A striking characteristic of obsessive-compulsive disorder (OCD) is the propensity toward excessive stereotyped behavior that is carried out to reduce the likelihood of adverse consequences (1). While patients with OCD report that these compulsive behaviors are excessive and typically ineffective, they have significant difficulty inhibiting these behaviors. This observation has led researchers to speculate that flexible, goal-directed action control is compromised in OCD and that compulsive acts are instead driven by maladaptive habits (2, 3).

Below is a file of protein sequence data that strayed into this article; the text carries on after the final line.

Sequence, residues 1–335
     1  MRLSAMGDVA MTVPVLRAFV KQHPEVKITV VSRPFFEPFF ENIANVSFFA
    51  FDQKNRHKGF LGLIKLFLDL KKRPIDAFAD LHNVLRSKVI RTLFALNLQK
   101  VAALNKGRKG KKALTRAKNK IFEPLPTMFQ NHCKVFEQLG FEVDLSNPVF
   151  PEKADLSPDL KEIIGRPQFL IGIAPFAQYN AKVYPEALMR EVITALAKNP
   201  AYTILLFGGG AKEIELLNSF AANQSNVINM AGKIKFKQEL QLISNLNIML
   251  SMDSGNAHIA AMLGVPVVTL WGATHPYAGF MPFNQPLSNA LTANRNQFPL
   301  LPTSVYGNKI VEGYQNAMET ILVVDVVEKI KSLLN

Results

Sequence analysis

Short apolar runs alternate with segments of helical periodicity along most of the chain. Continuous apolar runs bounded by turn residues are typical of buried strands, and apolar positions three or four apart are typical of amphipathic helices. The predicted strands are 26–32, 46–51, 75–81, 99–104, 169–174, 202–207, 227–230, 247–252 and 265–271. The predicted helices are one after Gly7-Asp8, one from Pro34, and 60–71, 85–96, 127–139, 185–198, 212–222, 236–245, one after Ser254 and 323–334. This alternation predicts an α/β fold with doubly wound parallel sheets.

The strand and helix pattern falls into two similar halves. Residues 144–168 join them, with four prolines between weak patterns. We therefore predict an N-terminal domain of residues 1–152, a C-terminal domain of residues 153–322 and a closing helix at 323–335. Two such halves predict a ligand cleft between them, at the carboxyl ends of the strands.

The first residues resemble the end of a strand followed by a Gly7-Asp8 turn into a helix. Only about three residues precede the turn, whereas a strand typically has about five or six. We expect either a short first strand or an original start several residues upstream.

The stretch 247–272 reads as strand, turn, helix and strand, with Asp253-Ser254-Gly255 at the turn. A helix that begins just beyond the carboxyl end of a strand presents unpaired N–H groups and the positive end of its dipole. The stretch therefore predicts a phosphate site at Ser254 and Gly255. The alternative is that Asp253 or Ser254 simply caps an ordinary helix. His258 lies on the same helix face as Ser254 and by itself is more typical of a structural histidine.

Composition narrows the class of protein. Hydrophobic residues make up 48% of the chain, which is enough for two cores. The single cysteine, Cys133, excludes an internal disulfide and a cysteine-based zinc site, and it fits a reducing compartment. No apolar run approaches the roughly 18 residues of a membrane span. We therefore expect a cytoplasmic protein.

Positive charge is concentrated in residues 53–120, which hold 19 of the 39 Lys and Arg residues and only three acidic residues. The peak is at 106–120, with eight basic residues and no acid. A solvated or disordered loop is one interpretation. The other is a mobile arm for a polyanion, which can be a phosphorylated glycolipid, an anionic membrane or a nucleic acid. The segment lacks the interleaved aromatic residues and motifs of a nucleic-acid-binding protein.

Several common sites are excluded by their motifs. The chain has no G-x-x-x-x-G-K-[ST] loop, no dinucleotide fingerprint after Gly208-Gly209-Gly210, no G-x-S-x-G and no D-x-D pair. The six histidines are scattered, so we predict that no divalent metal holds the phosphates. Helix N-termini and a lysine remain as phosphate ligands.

According to dual-system theories (4, 5), actions can be supported by either a goal-directed or a habit system. When the goal-directed system exerts dominant control, actions are performed to achieve desirable goals or to avoid undesirable outcomes. Washing one's hands before preparing a meal, for example, may constitute a goal-directed action that is performed to avoid contamination. However, after multiple repetitions of this action, the habitual system can begin to exert dominant control over behavior (6–8), leading to greater efficiency but also to a loss of behavioral flexibility. This becomes apparent when a person commits a “slip of action,” such as thoughtlessly washing her hands upon entering the kitchen when her intention was to retrieve a set of keys. Here, the kitchen environment has directly triggered the habitual response of hand washing. We hypothesize that in OCD, persistent reliance on the habitual system leads to compulsive responding, such as repetitive hand washing. Habitual responses for undesirable outcomes can be induced in animals by lesioning the prelimbic cortex (9–11), suggesting that this area is crucially involved in goal-directed action control. More recently, functional MRI (fMRI) studies have provided correlational evidence that the ventromedial prefrontal cortex is similarly involved in goal-directed action control in humans (12, 13).